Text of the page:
Writing is like Riding a Bike

May 11, 2008 at 9:25 am (Writing)

Many years ago, a traveling science fair came through the town we were living in. I’ve always loved those types of science demonstrations and experiments (see also: Beakman’s World) so of course we went. One demonstration that recently bubbled up through the primordial ooze of my memories was that of the muscles and coordination it took to ride a bicycle. 

This demonstration had a console connected to a 3′ high cutout of a person riding a bike. As you pushed the buttons corresponding to the person’s muscles, the cutout’s muscles moved. The idea was to do this in such a way that was smooth and controlled, allowing your cutout person to ride their cutout bike over hills and dale, the wind in their cutout hair and bugs in their cutout teeth. Now the beauty of this was there were instructions on the console, telling you which buttons to push in which order–all you had to do was push them.

But it wasn’t that easy. Riding a bike must be more difficult than I knew, especially for the cutout people. I would push the buttons but my cutout friend would jerk through the motions, at times so violently that I knew the only thing saving my cutout friend from whiplash was that it was made of metal. I stood there for a long time, ignoring the classes of grade-school science kids wanting to push my buttons, and was able to get my cutout friend into somewhat of a motion. There would be no Tour de France for my cutout bicyclist, but perhaps a trip to a nearby cafe could have been arranged.

Now, years later, my cutout friend is laughing at me. I think the reason this memory surfaced is because how clearly it illustrates writing for me. I herk and jerk getting started, but once I get into a rhythm, I can maintain it and travel pages and pages. After two weeks of other things, I’m now back at the console, getting ready to push the buttons and get back into that motion of writing. I’m hoping I can ride into July and finish this trip before RWA Nationals, but if not, it’ll sure be nice to feel the wind in my hair again.

Even the bugs in my teeth. 

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13 Comments

  1. Kyle said,

    So, you mean writing is like pushing buttons to get a cutout of a human to write a bike, because I thought that “it’s like riding a bike” was the analogy for not forgetting how to do something? LOL…

    Don’t worry about it, once you start putting fingers to keys, you’ll get back into the flow of things. It’s like riding a bike…

    🙂

  2. Ilana said,

    Pack your floss, because once you get going fast, you’ll want to smile.

    And yes, it truly is amazing all the things our bodies do without even bothering to inform our brain.

  3. Katie Reus said,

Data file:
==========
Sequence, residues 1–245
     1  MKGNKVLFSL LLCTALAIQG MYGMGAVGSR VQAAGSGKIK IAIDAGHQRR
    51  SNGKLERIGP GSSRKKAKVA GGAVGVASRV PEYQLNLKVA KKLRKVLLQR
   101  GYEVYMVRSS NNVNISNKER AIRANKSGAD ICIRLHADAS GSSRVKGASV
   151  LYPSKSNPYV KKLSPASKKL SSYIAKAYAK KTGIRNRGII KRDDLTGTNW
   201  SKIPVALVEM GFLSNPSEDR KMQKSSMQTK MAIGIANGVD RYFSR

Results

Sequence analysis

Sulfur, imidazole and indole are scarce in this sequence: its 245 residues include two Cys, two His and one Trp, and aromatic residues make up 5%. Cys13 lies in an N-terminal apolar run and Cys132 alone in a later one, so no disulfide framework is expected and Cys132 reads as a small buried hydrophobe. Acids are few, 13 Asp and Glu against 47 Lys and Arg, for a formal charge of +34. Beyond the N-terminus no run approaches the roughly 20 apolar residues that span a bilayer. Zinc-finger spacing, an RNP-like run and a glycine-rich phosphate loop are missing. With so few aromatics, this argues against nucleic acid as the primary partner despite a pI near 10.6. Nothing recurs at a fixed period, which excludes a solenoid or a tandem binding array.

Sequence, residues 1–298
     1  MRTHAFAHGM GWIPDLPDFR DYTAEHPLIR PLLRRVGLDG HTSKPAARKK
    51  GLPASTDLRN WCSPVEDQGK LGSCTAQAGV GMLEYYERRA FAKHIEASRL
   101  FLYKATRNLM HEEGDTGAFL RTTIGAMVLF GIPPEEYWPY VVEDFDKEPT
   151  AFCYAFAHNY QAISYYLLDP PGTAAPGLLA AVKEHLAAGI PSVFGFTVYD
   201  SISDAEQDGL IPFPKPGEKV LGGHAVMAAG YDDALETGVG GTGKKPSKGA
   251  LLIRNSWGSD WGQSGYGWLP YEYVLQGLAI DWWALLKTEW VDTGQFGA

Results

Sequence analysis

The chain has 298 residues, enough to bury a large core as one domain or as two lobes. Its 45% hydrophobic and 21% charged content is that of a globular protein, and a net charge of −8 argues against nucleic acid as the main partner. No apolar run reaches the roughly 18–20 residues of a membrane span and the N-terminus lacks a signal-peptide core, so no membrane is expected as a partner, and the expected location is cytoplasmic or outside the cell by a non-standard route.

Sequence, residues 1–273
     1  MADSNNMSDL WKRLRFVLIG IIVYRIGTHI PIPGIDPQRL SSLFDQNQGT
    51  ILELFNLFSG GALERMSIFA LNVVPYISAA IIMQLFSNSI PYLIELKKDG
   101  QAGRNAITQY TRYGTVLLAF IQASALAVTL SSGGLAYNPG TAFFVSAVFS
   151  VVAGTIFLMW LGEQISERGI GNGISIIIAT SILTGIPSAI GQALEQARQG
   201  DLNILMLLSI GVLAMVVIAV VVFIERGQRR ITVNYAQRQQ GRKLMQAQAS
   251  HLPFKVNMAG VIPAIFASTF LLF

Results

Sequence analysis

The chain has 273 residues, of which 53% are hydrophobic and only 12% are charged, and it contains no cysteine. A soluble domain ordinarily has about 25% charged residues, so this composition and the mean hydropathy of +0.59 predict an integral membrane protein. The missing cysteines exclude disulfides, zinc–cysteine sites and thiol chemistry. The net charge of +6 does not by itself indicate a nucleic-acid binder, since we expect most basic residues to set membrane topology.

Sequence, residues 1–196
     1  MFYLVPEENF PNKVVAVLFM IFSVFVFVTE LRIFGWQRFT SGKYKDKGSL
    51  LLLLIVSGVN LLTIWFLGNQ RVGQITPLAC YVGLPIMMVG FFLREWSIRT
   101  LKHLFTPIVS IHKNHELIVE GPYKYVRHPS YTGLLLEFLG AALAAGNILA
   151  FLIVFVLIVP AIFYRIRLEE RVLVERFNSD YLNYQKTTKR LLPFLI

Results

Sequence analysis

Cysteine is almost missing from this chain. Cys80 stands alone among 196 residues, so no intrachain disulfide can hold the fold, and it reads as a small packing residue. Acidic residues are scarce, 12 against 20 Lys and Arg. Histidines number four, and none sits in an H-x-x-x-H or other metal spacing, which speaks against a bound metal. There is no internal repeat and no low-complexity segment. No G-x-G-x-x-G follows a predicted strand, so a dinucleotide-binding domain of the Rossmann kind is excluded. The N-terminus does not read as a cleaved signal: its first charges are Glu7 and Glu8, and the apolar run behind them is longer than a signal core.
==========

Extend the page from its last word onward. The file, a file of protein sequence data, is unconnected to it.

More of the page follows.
Like Kyle said, I’m sure once you put those fingers on the keyboard again, you’ll be back in the flow of things 🙂

  4. Robin said,

    Mind if I ride beside you? Your start sounds like mine, and I promise to shout words of encouragment!

  5. Caryn said,

    I loved the “wanting to push my buttons”. Hilarious! And, yes, I totally get your analogy. I needed it, in fact, because I’m having a hard time getting started. You know what else keeps us from learning to ride a bike? Fear. It’s especially difficult to get on that contraption after we’ve fallen down a few times. But once you get into the groove, it’s a wonderful feeling.

  6. Pam said,

    Ah, you’re all wonderful people deserving of many fine things. Tonight’s the night I start pushing buttons again, jerking into motion. I’ve given myself permission to write as herky and jerky as necessary to get things going again. On the good side, I’ve thought of a reward if I get 20 pages in this week, so for the first time in a long time, I have something tangible to shoot for.

    Besides the wind in my hair. 🙂

  7. Caryn said,

    Well, Pam? Don’t leave us hanging. What’s the reward? 😉

  8. Marilyn Brant said,

    I’m with Caryn…I want to know the reward (and I may have to copy it if it, like, involves Godiva chocolate in any way :).
    P.S. I tagged you!

  9. Pam said,

    ***SAP ALERT!!! SAP ALERT!!!***

    My reward is a picnic lunch with Montana. (All together now: Awwww! ) And who knows–Godiva chocolate may very well be involved!

    And Marilyn, I have to admit to a little bit of giddiness–this is my first tag so I’m giggling like a schoolgirl who just got Hannah Montana tickets. I will beg permission to do this when I’m home though, or you’re going to get page 123 of Reading Financial Reports for Dummies.

    Method of Valuation: This explains how the company values its assets. (See Chapters 4 and 6 for more information on Valuation.) Methods of depreciation and amortization: This explails the methods a company uses to show the use of its assets. for those of you who are sticklers for the rules. 😉

  10. Robin said,

    Oh, I hope you get that picnic lunch! If you’d like you can report your daily progress to me and I’ll cheer you on, crack the whip, and remind you not to use too many justs and thats. 🙂

  11. Melissa Blue said,

    Pack your floss, because once you get going fast, you’ll want to smile.

    That was snort worthy.

    And Pam I understand that metaphor. Once you start a new book you wonder how you made it through the last one. Did you not learning anything of value? I have to fill up all this white space? With what? Oh, words…crap.

    But as Stephen King says, “one word in front of the other.”

  12. 30 Days of Write: March 2016 edition | Pamela Cayne said,

    […] the trick is getting that pace going. I’ve blogged about this before–the whole ‘getting a bicycle‘ going, and it’s still truth. But I’ve got this book…I’ve had this […]

  13. Cruz said,

    I wаs able to fihd good advice from yoսr blog articles.

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